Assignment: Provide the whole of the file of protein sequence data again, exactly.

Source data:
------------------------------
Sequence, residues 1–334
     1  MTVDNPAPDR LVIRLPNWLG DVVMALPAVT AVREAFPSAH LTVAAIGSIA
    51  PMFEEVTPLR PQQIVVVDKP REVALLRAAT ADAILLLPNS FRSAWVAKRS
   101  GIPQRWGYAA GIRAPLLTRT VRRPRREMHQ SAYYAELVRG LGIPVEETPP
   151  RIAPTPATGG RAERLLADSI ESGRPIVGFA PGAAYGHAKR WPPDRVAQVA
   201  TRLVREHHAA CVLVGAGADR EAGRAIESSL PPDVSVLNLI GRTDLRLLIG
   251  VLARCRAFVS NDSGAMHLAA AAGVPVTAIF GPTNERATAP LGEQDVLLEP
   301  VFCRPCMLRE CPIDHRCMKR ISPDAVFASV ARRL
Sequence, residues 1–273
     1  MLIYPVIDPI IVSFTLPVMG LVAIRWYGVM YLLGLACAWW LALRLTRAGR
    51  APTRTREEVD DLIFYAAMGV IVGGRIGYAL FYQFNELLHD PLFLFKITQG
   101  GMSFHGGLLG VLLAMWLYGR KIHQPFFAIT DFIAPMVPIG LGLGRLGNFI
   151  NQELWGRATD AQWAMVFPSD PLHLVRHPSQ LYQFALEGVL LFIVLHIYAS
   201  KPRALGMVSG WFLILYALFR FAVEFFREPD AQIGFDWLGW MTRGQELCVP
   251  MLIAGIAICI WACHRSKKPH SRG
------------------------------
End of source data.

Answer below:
Sequence, residues 1–334
     1  MTVDNPAPDR LVIRLPNWLG DVVMALPAVT AVREAFPSAH LTVAAIGSIA
    51  PMFEEVTPLR PQQIVVVDKP REVALLRAAT ADAILLLPNS FRSAWVAKRS
   101  GIPQRWGYAA GIRAPLLTRT VRRPRREMHQ SAYYAELVRG LGIPVEETPP
   151  RIAPTPATGG RAERLLADSI ESGRPIVGFA PGAAYGHAKR WPPDRVAQVA
   201  TRLVREHHAA CVLVGAGADR EAGRAIESSL PPDVSVLNLI GRTDLRLLIG
   251  VLARCRAFVS NDSGAMHLAA AAGVPVTAIF GPTNERATAP LGEQDVLLEP
   301  VFCRPCMLRE CPIDHRCMKR ISPDAVFASV ARRL
Sequence, residues 1–273
     1  MLIYPVIDPI IVSFTLPVMG LVAIRWYGVM YLLGLACAWW LALRLTRAGR
    51  APTRTREEVD DLIFYAAMGV IVGGRIGYAL FYQFNELLHD PLFLFKITQG
   101  GMSFHGGLLG VLLAMWLYGR KIHQPFFAIT DFIAPMVPIG LGLGRLGNFI
   151  NQELWGRATD AQWAMVFPSD PLHLVRHPSQ LYQFALEGVL LFIVLHIYAS
   201  KPRALGMVSG WFLILYALFR FAVEFFREPD AQIGFDWLGW MTRGQELCVP
   251  MLIAGIAICI WACHRSKKPH SRG